Research Article | Open Access
Yaxing Zhang, Ge Zhou, Zifeng Chen, Weibing Guan, Jiongshan Zhang, Mingmin Bi, Fenglin Wang, Xinchao You, Yangjing Liao, Shuhui Zheng, Kangquan Xu, Hongzhi Yang, "Si-Wu-Tang Alleviates Nonalcoholic Fatty Liver Disease via Blocking TLR4-JNK and Caspase-8-GSDMD Signaling Pathways", Evidence-Based Complementary and Alternative Medicine, vol. 2020, Article ID 8786424, 11 pages, 2020. https://doi.org/10.1155/2020/8786424
Si-Wu-Tang Alleviates Nonalcoholic Fatty Liver Disease via Blocking TLR4-JNK and Caspase-8-GSDMD Signaling Pathways
Background. Nonalcoholic fatty liver disease (NAFLD) has high global prevalence; however, the treatments of NAFLD are limited due to lack of approved drugs. Methods. Mice were randomly assigned into three groups: Control group, NAFLD group, NAFLD plus Si-Wu-Tang group. A NAFLD mice model was established by feeding with a methionine- and choline-deficient (MCD) diet for four weeks. Si-Wu-Tang was given orally by gastric gavage at the beginning of 3rd week, and it lasted for two weeks. The treatment effects of Si-Wu-Tang were confirmed by examining the change of body weight, serum alanine aminotransferase (ALT) and aspartate transaminase (AST) levels, Oil Red O staining, and hematoxylin and eosin (H&E) staining of the liver samples and accompanied by steatosis grade scores. The expression and activation of the possible signaling proteins involved in the pathogenesis of NAFLD were determined by western blotting. Results. Mice fed with four weeks of MCD diet displayed elevated serum levels of ALT and AST, while there was decreased body weight. The hepatic Oil Red O staining and H&E staining showed severe liver steatosis with high steatosis grade scores. All these can be improved by treating with Si-Wu-Tang for two weeks. Mechanistically, the increased hepatic TLR4 expression and its downstream JNK phosphorylation induced by MCD diet were suppressed by Si-Wu-Tang. Moreover, the upregulations of Caspase-8, gasdermin D (GSDMD), and cleaved-GSDMD in liver mediated by MCD diet were all inhibited by Si-Wu-Tang. Conclusions. Treatment with Si-Wu-Tang improves MCD diet-induced NAFLD in part via blocking TLR4-JNK and Caspase-8-GSDMD signaling pathways, suggesting that Si-Wu-Tang has potential for clinical application in treating NAFLD.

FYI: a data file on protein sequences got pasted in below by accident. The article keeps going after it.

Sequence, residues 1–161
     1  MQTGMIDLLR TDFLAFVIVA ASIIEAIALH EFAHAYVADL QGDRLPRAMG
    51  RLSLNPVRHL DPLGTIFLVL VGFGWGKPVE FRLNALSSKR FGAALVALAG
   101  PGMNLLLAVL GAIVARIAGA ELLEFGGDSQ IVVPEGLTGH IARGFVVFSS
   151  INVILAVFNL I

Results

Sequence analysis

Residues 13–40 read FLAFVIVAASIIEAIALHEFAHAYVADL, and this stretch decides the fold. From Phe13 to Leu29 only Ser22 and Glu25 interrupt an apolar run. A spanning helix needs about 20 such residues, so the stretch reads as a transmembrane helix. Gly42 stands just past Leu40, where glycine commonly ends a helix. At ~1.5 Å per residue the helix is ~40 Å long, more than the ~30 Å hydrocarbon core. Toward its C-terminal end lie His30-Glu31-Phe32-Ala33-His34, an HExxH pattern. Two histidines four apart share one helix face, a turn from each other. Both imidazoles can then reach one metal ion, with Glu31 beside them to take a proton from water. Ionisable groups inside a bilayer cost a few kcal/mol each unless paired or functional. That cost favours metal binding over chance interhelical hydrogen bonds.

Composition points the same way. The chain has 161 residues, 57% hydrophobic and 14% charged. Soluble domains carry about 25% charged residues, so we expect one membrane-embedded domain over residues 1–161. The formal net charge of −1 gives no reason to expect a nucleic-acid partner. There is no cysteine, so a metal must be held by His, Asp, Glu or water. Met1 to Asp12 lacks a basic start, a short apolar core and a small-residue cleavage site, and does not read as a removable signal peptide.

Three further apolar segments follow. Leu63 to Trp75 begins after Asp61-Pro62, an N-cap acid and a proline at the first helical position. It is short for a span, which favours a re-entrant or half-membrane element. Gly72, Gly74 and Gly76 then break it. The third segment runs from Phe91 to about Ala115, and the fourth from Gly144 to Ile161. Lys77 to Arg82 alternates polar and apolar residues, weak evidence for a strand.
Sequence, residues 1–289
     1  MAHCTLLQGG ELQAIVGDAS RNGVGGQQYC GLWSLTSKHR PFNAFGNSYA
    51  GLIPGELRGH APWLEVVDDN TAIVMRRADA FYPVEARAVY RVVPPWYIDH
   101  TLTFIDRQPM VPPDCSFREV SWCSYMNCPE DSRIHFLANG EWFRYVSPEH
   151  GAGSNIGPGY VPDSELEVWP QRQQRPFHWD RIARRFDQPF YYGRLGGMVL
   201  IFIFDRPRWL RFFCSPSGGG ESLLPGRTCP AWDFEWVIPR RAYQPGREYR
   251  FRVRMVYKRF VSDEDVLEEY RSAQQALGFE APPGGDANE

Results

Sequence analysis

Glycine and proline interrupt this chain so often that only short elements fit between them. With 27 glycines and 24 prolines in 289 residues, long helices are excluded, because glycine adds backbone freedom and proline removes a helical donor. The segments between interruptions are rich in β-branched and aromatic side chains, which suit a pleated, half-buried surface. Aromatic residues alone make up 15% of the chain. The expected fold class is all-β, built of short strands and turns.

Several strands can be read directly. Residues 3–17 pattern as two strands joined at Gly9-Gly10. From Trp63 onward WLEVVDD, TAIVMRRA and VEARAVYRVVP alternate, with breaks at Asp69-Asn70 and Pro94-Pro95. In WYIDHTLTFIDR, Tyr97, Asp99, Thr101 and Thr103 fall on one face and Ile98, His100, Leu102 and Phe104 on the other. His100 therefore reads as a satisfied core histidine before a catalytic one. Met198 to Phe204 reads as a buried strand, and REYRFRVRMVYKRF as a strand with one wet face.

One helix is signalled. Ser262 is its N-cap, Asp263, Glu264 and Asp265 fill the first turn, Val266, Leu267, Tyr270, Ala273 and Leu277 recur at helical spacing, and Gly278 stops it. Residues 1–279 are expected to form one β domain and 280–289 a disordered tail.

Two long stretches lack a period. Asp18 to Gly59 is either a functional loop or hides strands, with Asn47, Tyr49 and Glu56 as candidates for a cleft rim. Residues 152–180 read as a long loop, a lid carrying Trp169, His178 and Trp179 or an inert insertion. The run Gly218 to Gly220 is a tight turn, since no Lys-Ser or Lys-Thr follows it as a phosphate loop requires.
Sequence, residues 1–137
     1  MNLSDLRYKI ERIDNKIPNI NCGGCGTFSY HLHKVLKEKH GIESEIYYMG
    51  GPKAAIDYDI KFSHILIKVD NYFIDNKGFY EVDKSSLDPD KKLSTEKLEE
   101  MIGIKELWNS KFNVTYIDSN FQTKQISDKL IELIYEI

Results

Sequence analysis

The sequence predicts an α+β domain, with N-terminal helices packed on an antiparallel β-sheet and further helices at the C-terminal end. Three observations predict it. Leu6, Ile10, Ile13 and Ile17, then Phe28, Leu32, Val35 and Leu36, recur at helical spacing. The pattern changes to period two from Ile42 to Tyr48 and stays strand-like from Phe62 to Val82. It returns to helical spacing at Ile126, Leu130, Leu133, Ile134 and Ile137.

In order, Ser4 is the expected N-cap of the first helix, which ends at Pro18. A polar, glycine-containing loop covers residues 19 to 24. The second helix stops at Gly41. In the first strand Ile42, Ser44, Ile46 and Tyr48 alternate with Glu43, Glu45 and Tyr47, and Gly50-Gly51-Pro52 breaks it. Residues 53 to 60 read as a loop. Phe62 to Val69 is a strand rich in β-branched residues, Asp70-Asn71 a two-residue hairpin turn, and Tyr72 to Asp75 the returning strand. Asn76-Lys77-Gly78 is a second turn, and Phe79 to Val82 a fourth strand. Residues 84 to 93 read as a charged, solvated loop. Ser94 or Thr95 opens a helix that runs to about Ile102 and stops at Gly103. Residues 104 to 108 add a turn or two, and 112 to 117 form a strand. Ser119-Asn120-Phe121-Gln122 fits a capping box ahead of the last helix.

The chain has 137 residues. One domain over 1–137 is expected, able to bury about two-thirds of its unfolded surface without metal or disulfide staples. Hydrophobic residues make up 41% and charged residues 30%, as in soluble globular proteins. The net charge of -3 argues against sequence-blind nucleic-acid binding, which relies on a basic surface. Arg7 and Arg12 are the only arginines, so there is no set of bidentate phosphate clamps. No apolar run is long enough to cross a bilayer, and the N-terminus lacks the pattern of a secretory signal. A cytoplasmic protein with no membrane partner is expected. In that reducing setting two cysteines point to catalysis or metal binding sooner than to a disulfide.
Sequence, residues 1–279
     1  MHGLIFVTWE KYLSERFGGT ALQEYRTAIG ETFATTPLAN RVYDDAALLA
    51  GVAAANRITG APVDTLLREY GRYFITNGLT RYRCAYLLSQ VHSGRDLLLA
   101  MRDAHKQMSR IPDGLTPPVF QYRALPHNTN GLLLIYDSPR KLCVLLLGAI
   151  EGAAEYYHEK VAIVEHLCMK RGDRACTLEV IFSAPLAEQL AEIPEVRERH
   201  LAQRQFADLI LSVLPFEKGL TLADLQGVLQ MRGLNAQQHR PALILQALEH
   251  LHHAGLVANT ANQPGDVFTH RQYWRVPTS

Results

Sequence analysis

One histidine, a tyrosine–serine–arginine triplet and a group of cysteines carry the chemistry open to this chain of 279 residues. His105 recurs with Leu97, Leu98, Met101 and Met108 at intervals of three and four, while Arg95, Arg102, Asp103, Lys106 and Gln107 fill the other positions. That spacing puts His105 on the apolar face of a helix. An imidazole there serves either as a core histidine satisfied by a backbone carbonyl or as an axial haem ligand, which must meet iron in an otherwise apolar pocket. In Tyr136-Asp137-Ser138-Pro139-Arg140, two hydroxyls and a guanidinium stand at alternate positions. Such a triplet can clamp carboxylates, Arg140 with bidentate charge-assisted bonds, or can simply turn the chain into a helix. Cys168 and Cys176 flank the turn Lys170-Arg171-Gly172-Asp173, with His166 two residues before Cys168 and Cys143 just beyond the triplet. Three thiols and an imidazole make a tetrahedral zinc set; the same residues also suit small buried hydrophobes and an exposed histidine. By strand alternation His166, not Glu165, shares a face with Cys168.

Nonalcoholic fatty liver disease (NAFLD) is defined as the presence of >5% hepatic steatosis (either by histology or imaging techniques); there must be lack of secondary causes of hepatic fat accumulation, such as significant alcohol consumption, long-term use of a steatogenic medication, or monogenic hereditary disorders [1–3]. NAFLD encompasses a broad spectrum of conditions, from simple steatosis (referred to as nonalcoholic fatty liver (NAFL)), through nonalcoholic steatohepatitis (NASH), to fibrosis, and ultimately cirrhosis and hepatocellular carcinoma (HCC) [4, 5]. Moreover, NAFLD is associated with higher risks of severe extrahepatic diseases, such as cardiovascular diseases [1–3]. The global prevalence of NAFLD is estimated to be approximately 24-25%, and the pooled overall nationwide prevalence of NAFLD is estimated to be 29.2% in China [2, 6, 7]. Therefore, it is urgent to discover novel strategies for treating NAFLD.
A number of traditional Chinese medicinal formulas provide the promising sources to develop alternative and complimentary medicines for NAFLD therapy and prevention [8–11]. Si-Wu-Tang, a traditional Chinese medicinal formula, including Rehmanniae Radix (Shu Di Huang), Angelica Radix (Dang Gui), Paeoniae Radix (Bai Shao Yao), and Chuanxiong Rhizoma (Chuan Xiong), has been shown to improve the antioxidant level and positively regulate the lipid profile, liver function, and skin integrity and texture in healthy adults . This traditional Chinese medicinal formula was first recorded in Xian Shou Li Shang Xu Duan Mi Fang (《仙授理伤续断秘方》) by Lin Daoren in China Tang Dynasty. Si-Wu-Tang has been traditionally used for treating gynecological diseases, such as relief of menstrual irregularity, dysmenorrhea, uterine bleeding, climacteric syndrome, and other estrogen-related diseases, since it is recorded in the official Chinese medicine classics Tai Ping Hui Min He Ji Ju Fang (《太平惠民和剂局方》) in China Song Dynasty [13–20].